from The American Heritage® Dictionary of the English Language, 4th Edition
- n. Any of various perennial herbs of the genus Anemone, native chiefly to northern temperate regions and having palmately lobed leaves and large flowers with showy sepals. Also called windflower.
- n. A sea anemone.
from Wiktionary, Creative Commons Attribution/Share-Alike License
- n. Any plant of the genus Anemone, of the Ranunculaceae (or buttercup) family, such as the windflower.
- n. A sea anemone.
from the GNU version of the Collaborative International Dictionary of English
- n. A genus of plants of the Ranunculus or Crowfoot family; windflower. Some of the species are cultivated in gardens.
- n. The sea anemone. See Actinia, and Sea anemone.
from The Century Dictionary and Cyclopedia
- n. A plant of the genus Anemonc. Also spelled anemony.
- n. [capitalized] [NL.] A widely distributed genus of herbaceous perennials, the wind-flowers, natural order Ranunculaceæ.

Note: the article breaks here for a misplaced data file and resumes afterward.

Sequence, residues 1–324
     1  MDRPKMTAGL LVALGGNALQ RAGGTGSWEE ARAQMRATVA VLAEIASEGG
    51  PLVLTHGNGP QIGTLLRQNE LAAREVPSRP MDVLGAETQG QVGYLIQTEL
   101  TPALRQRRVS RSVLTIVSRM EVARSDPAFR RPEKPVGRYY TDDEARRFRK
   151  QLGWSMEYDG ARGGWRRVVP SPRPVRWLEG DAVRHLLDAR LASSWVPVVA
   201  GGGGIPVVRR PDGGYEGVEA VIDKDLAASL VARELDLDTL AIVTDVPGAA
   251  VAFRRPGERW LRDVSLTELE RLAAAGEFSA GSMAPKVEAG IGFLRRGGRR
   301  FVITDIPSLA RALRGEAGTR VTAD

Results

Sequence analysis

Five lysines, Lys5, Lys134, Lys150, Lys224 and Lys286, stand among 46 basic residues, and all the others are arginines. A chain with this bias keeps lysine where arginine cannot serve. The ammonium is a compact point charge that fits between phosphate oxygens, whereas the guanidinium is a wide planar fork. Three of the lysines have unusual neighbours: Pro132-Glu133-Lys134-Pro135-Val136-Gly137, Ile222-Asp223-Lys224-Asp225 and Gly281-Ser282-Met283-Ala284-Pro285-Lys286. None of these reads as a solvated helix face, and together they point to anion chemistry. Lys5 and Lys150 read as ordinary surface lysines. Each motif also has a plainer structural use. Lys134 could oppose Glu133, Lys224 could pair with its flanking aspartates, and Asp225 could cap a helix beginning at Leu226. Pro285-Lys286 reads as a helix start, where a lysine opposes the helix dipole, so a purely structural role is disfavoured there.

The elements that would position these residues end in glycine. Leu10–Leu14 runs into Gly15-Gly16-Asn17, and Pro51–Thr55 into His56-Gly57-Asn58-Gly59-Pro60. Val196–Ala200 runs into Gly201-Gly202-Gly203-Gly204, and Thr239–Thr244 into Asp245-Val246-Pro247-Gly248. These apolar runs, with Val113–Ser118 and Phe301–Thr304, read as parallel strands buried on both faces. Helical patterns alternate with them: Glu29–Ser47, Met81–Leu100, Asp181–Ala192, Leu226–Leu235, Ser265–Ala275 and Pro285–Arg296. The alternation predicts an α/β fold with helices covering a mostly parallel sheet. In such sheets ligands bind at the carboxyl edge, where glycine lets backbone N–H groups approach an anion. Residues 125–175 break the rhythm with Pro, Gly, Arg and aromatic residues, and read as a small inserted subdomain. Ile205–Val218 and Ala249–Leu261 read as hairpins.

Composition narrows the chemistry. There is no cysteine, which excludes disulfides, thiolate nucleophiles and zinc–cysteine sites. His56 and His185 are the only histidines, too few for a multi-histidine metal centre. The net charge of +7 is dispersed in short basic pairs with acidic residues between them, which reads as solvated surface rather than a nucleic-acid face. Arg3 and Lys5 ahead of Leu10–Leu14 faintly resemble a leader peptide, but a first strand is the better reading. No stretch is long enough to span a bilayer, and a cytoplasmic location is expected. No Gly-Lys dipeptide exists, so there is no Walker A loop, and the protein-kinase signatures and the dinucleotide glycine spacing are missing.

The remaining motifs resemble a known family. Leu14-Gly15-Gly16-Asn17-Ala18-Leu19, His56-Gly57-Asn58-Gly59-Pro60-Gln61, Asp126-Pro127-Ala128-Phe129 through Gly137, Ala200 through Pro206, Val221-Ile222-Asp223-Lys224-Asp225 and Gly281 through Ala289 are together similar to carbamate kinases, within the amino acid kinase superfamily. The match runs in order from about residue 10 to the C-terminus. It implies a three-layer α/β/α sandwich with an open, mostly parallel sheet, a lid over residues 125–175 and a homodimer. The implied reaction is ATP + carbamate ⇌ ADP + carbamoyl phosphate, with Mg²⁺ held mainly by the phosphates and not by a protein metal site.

- n. In zoology, a sea-anemone (which see).
from WordNet 3.0 Copyright 2006 by Princeton University. All rights reserved.
- n. marine polyps that resemble flowers but have oral rings of tentacles; differ from corals in forming no hard skeleton
- n. any woodland plant of the genus Anemone grown for its beautiful flowers and whorls of dissected leaves
The word anemone comes from a Greek word which means breath, wind, or spirit.
Fortunately, the anemone is much easier to grow and vastly more reliable than this capricious woodland tree.
The frost-breaking anemone is the only bit of colour on the ground.
The dour fugitives on the other side of the stream have a legend that those who safely cross the "Field of Blood" -- so they call the anemone-sprinkled land beyond -- without so much as crushing a flower may claim sanctuary under the British flag.
It is interesting to know that it was called anemone by the ancient Romans.
The Arabs still call the anemone "wounds of the Naaman."
The Arabs still call the anemone wounds of the Naaman.
And in the legend of Venus and Adonis the anemone is the flower that sprang from the tears of the queen as she mourned the death of her loved one.
Arabs still call the anemone "wounds of the Naaman."
Slain by a wound in the thigh inflicted by a wild boar in the chase, the flower called anemone sprang from his blood.